The origins of asthma


Led by Professor Hans Bisgaard, the COPSAC research unit focuses on phenotyping children and their environmental exposures to study asthma and other chronic inflammatory diseases

COPSAC (Copenhagen Prospective Studies on Asthma in Childhood) aims at unravelling complex disease mechanisms in a translational research process to improve prevention and treatment of asthma and other inflammatory diseases.

Asthma is a common inflammatory disease of the respiratory system affecting 10% of schoolchildren with approximately 300 million sufferers worldwide. It causes attacks of breathlessness and coughing and can require hospitalisation and lifelong medication.

The prevalence of the condition has more than doubled in recent decades, but it remains poorly understood how the exposome – the totality of exposures from the modern environment – and its interactions with the genome have initiated such a surge in cases.

Recent investigations into the origins of asthma have focused on identifying how early life exposures to factors such as dietary components and the human microbiome – the  microbiota colonising and living in symbiosis with humans – may be responsible for a deviant immune maturation, causing asthma and other chronic inflammatory conditions that have increased in prevalence in parallel with asthma.

It is important that chronic conditions such as asthma are not accepted as being normative traits of some individuals, and it is our belief that closely monitored longitudinal mother-child cohort studies are necessary to obtain the required knowledge to promote and foster change and develop new preventative and treatment strategies.

Longitudinal mother-child cohort studies

© Salim Fadhley

In order to test the hypothesis that asthma is caused by exposures in pre- and neonatal life, the Danish COPSAC team, led by Professor Hans Bisgaard, has carried out two decades of research based on longitudinal cohort studies. The initial programme – COPSAC2000 – involves 411 children born to asthmatic mothers between 1998 and 2001.

The children have been monitored at the COPSAC research unit from birth and every six months for seven years, and again at 13 years for clinical outcomes such as asthma, eczema, allergies, lung function and bronchial responsiveness. They attend additional acute care visits for any symptoms related to the airways or the skin.

This cohort includes a randomised controlled trial (RCT) on the effect of early intervention with inhaled corticosteroid from the onset of asthma symptoms, documenting that the natural history of asthma cannot be altered with this approach. The COPSAC2000 participants are currently returning for thorough clinical assessments at age 18.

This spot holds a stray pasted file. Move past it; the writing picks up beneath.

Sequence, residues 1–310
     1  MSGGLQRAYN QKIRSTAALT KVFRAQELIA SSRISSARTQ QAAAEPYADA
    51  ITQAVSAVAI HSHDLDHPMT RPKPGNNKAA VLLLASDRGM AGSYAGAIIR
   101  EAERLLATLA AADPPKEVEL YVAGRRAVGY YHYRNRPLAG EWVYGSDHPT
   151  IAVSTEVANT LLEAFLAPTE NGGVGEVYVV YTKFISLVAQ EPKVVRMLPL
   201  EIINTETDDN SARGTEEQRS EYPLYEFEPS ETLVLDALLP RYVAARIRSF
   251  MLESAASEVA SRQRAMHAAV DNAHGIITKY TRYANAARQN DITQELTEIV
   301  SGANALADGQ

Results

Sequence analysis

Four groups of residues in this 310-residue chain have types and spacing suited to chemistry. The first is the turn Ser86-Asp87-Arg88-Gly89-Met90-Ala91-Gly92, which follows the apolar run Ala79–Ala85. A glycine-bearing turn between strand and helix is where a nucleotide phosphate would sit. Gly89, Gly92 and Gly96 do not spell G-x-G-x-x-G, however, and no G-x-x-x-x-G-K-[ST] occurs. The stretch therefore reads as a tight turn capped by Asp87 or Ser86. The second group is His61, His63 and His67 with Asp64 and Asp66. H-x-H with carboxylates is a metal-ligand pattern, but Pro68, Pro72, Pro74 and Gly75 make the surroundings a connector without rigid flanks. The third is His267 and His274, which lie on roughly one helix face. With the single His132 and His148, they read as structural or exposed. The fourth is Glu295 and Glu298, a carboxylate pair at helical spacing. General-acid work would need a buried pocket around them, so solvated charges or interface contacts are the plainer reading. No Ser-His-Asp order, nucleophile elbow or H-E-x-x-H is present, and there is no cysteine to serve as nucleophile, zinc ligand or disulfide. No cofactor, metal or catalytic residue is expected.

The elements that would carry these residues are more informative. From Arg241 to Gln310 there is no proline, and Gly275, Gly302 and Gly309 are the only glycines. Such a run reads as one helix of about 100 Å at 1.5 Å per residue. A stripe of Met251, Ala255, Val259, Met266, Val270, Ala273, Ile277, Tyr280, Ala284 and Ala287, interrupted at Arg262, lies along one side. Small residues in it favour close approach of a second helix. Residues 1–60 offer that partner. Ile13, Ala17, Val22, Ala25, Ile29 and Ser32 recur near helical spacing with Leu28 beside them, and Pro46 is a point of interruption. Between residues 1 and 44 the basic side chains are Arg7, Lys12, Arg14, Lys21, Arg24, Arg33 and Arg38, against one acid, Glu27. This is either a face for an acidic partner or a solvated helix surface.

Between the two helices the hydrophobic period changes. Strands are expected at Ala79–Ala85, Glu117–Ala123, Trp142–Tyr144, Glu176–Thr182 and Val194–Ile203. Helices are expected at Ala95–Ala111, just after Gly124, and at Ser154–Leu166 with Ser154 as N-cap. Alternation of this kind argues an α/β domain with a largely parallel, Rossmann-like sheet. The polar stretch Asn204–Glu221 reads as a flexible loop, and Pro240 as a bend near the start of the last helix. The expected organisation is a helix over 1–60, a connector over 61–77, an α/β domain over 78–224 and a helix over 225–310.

The successive cohort – COPSAC2010 – is more wide-reaching, following 700 unselected pregnant women and their children, monitoring general development and signs of clinical disease, so far during the first six years of life.

Pregnant women were recruited during 2008-2010 by a monthly surveillance of reimbursement to general practitioners for the mandatory pregnancy visit. The deep clinical phenotyping performed in the COPSAC longitudinal studies has assessed early patterns of exposure and physiological reactions through a multitude of tests.

The children are examined using foetal ultrasound; dual energy X-ray absorptiometry (DXA) scans; physical examination; tympanometry; lung-, immune-, cognitive- and motor-development functioning tests; blood sampling; microbiological swabbing; home environmental measures (nicotine and house dust); and extensive bio-banking.

The wide range of techniques all serve the aim of capturing the unique circumstances of each individual case, accurately assessing overall health and identifying environmental exposures prior to birth and during early childhood before the development of symptoms.

Complementary to the mother-child cohorts, COPSAC takes advantage of the high quality Danish health registries, providing prospective assessments of hospitalisation and drug prescriptions in all Danish children. The health registries have been used to validate findings from the COPSAC birth cohorts by providing less-specific disease phenotypes but increased power due to large numbers.